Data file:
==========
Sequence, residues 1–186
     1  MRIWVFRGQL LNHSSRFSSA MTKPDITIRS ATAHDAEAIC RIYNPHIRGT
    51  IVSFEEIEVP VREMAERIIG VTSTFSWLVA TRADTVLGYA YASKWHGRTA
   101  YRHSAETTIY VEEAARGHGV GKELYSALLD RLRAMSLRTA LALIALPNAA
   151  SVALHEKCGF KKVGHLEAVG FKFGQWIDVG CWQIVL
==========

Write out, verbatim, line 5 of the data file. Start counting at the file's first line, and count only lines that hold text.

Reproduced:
   151  SVALHEKCGF KKVGHLEAVG FKFGQWIDVG CWQIVL